Benefits are usually paid straight into your bank, building society or credit union account.
If your payment is due on a bank holiday, you’ll be paid on the last working day before the holiday.
This guide is also available in Welsh (Cymraeg).
How often you’re paid
|Benefit||How often it’s paid|
|Attendance Allowance||Usually every 4 weeks|
|State Pension||Usually every 4 weeks|
|Carer’s Allowance||Weekly in advance or every 4 weeks|
|Child Benefit||Usually every 4 weeks - or weekly if you’re a single parent or you or your partner get certain benefits. Bank holiday payment dates may be different.|
|Disability Living Allowance||Usually every 4 weeks|
|Employment and Support Allowance||Usually every 2 weeks|
|Jobseeker’s Allowance||Usually every 2 weeks|
|Pension Credit||Usually every 4 weeks|
|Personal Independence Payment||Usually every 4 weeks|
|Tax credits, such as Working Tax Credits||Every 4 weeks or weekly. Check your payment date if you’re paid every 4 weeks. Bank holiday payment dates may be different.|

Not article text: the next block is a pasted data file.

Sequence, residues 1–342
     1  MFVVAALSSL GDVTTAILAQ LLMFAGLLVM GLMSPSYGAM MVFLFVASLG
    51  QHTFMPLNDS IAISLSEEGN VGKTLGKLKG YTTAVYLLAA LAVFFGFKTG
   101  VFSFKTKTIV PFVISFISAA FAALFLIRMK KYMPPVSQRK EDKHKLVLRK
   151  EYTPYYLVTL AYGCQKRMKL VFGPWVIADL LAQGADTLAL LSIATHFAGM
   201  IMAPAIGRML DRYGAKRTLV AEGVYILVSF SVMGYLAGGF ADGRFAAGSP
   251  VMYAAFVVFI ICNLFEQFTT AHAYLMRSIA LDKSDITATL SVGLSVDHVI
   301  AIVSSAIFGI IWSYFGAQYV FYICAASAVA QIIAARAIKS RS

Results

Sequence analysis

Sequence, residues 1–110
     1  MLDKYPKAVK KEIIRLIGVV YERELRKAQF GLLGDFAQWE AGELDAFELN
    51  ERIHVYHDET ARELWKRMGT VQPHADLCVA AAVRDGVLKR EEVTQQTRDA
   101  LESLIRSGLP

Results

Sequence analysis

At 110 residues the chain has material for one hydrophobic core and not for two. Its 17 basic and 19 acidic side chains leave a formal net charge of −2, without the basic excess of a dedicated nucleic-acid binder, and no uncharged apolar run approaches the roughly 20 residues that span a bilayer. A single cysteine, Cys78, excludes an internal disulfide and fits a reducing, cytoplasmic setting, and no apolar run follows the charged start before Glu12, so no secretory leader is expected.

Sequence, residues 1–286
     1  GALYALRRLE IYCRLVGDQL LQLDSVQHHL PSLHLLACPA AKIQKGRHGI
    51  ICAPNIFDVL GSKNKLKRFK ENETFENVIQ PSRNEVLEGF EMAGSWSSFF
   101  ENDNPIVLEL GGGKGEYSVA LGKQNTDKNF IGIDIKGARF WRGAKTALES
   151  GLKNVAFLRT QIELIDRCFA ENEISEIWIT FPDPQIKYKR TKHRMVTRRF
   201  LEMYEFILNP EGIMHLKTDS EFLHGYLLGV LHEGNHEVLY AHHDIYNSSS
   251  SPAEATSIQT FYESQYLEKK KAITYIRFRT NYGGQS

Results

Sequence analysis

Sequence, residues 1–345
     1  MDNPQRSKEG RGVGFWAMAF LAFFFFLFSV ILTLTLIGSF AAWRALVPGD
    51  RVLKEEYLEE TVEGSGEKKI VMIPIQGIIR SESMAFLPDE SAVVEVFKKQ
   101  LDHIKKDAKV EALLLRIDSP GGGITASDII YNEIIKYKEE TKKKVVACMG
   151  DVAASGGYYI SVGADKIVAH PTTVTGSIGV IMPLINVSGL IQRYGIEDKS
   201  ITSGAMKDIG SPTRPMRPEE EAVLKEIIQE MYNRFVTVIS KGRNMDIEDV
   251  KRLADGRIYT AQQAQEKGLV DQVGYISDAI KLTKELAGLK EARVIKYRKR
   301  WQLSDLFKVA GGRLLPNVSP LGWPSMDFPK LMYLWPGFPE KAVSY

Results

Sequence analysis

|Universal Credit||Every month|
How your benefits are paid
You’ll be asked for bank, building society or credit union account details when you claim. You can only get paid in a different way if you have problems opening or managing an account.
If you can’t open or manage a bank, building society or credit union account
Contact the office that pays your benefit to find out how to get it paid. If you receive Universal Credit, contact your work coach.
Child Benefit, Guardian’s Allowance and Tax Credits
You can get the money paid into any account, apart from a Nationwide Building Society account in someone else’s name.
Paying back benefits
You can repay benefits and allowances you get but feel you don’t need.
Write to the department that paid the benefit. Their address will be on any letter you’ve received from them.
Include a cheque made payable to the department, along with your National Insurance number and details of the payment, such as the date and the amount.
You can only repay tax credits or Child Benefit if you’ve been overpaid.